Are you considering a career as an educational assistant? One important subject you’ll encounter during your training is learning theories. Simply put, a learning theory is a way of understanding how knowledge is acquired and retained, which makes it an extremely useful concept for educational assistants when helping students better comprehend new material.
If you pursue training to be an educational assistant, you will work under the supervision of the teacher to help students with their lessons. Since lessons are often built on the principles of at least one main learning theory, understanding the main tenets of a few important learning theories will be an asset in the classroom.
Read on for a look at the three main learning theories and how they can be utilized by educational assistants.
Educational Assistants Can Use Behaviourism to Help Students Learn Factual Material
Behaviourism focuses on knowledge and learning that is quantifiable and observable, such as facts and dates. Behaviourists favour a model of learning that focuses heavily on positive and negative reinforcement. For example, as an educational assistant, your responsibilities may include assisting with grading tests, which showcases behaviourism in action. A good grade on a test is a case of positive reinforcement as it encourages the student to remember the correct answers that led to that grade. A bad grade, on the other hand, is a type of negative reinforcement, which discourages a student from repeating an incorrect answer.
Behaviourism is a useful tool if you are helping students learn something for which there is always a correct answer, such as scientific facts, foreign language vocabulary and historic dates. However, it is less useful with teaching more abstract concepts, like comprehension and critical thinking.
Cognitive Constructivism is an Important Tool for Students in Educational Assistant Training
Cognitive constructivism (also called cognitivism) is a learning theory which argues that people construct knowledge based on what they already know, such as their previous learning, cultural background and their life experiences. Instead of viewing students as passive learners motivated only by positive or negative reinforcement, a cognitivist sees learning as a process of active discovery.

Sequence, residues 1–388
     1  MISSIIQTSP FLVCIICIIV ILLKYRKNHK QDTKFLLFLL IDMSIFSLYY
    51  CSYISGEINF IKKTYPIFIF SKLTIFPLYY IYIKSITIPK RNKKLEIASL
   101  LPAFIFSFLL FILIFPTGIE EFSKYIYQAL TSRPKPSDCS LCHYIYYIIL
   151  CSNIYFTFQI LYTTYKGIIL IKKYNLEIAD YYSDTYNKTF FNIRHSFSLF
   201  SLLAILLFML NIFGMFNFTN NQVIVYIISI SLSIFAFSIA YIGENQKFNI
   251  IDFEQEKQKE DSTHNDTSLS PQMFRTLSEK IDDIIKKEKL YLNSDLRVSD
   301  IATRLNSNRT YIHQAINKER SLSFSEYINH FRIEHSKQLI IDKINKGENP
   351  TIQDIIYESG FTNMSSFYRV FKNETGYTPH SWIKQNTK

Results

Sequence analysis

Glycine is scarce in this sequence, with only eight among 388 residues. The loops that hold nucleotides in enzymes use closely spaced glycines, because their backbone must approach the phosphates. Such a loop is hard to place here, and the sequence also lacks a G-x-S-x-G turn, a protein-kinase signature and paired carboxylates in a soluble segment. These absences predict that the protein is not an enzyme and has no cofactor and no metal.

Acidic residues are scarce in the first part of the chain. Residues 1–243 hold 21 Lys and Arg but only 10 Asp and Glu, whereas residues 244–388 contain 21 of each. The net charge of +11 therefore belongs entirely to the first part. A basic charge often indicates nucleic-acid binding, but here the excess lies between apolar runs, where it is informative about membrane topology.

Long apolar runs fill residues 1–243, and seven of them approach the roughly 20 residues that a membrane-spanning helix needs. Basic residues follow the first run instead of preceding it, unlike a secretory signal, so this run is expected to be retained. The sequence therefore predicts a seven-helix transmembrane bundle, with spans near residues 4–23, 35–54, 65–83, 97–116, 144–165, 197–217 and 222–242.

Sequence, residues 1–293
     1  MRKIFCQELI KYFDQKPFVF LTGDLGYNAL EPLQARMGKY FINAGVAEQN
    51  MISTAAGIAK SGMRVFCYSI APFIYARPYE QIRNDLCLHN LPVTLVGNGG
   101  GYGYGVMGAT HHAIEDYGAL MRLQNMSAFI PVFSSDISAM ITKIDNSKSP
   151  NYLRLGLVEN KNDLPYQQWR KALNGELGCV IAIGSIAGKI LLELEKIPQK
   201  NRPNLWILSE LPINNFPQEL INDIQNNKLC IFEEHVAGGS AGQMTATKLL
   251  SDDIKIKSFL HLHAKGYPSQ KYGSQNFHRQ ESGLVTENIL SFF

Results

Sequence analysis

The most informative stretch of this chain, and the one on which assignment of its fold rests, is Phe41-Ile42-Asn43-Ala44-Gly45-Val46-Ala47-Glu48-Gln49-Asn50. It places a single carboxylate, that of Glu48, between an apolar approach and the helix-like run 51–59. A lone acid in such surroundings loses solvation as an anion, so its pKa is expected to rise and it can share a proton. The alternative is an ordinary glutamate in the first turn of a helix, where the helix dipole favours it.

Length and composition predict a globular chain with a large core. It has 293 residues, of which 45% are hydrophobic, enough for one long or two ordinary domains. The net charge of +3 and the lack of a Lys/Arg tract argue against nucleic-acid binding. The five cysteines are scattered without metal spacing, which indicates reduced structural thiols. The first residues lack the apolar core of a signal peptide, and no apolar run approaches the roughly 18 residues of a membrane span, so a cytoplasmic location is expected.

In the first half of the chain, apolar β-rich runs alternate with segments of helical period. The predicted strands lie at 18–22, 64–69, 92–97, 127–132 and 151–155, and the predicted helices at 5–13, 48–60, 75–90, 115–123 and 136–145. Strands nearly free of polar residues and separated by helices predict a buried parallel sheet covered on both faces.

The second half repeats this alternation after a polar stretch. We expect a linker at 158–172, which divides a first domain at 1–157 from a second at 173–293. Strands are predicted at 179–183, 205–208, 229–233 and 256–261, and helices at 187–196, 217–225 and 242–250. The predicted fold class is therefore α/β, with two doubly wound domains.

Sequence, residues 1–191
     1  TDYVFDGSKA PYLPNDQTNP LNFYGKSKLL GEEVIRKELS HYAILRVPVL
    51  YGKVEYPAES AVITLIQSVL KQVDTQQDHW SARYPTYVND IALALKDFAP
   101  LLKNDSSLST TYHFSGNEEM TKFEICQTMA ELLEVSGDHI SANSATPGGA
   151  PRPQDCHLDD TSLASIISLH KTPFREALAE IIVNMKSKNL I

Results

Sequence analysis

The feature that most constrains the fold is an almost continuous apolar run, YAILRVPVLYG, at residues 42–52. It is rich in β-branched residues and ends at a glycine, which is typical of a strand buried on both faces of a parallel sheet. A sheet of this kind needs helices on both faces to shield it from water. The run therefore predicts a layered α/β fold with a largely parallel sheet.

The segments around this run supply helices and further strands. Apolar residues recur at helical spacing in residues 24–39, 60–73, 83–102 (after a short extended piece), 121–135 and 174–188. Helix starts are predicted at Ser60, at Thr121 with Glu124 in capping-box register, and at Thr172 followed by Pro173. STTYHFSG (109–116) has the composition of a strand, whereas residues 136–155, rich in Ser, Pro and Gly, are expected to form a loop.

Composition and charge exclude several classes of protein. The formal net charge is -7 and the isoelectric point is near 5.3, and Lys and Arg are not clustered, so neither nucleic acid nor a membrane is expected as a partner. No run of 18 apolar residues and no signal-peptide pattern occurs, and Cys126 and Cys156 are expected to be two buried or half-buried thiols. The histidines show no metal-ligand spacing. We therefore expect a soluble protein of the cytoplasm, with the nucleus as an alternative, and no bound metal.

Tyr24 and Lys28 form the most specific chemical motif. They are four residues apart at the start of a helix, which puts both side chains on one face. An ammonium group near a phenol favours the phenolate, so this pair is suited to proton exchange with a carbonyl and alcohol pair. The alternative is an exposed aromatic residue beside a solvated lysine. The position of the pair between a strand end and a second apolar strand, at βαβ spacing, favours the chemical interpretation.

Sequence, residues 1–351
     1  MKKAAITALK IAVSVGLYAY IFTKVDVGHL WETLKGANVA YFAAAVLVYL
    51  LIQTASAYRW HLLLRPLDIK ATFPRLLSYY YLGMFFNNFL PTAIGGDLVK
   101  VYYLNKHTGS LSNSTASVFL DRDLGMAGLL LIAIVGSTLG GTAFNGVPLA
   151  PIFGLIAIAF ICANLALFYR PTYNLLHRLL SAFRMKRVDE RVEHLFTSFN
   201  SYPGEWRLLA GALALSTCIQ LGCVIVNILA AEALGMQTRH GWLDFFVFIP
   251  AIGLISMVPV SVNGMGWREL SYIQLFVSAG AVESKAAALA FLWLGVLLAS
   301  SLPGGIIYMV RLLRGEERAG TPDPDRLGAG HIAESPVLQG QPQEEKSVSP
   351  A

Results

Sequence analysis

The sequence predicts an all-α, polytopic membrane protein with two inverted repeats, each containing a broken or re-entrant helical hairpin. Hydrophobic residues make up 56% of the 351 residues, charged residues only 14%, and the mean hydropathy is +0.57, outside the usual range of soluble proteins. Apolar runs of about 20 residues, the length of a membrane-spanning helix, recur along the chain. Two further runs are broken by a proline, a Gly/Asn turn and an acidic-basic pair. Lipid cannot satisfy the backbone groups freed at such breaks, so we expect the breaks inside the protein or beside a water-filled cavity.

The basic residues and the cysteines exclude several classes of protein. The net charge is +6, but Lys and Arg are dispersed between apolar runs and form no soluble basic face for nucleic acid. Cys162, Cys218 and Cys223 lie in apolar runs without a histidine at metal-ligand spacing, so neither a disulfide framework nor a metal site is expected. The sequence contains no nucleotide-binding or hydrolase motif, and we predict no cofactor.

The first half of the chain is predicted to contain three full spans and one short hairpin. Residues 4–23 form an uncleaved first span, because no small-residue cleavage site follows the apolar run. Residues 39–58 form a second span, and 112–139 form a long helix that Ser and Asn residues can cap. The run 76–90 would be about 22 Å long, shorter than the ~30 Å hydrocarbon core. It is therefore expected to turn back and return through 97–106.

After educational assistant training, you can use cognitivism in a number of ways, including by helping students with learning difficulties. In such a case, a teacher, with your assistance as an educational assistant, may develop an individual program tailored to the abilities and knowledge of these students. You will then help put this program into action. For example, as an educational assistant, you may ask a student to repeat new material in his or her own words. Having a student put material into their own words is more effective than simply having them repeat material verbatim, since the latter doesn’t necessarily indicate that he or she has understood the lesson.
A lesson built on cognitivist principles is less concerned with drilling students with right answers and focuses more on creating an environment that allows them to discover new knowledge for themselves.
Social Constructivism Focuses on the Collaborative Nature of Education
Social constructivism shares the cognitivist belief that learners construct knowledge based on what they already know. However, this theory emphasizes that the way new knowledge is constructed is a collaborative process involving the community, society and fellow students.
Once you’ve completed your educational assistant classes, you may find social constructivism put into practical use in the classroom through group exercises. For example, the teacher may divide the class into groups and give each group an assignment, like a mathematical problem, to solve together. Your job as an educational assistant may be to help each group by observing the behaviour of students and ensuring they stay focused on the task at hand.
While an educational assistant ensures the groups stay on track, students ultimately work on the assignment with their peers. This sort of social constructivist teaching strategy combines elements of both behaviourism and cognitivism, since students are constructing new knowledge based on what they already know, and they are also being motivated through positive reinforcement from other group members.
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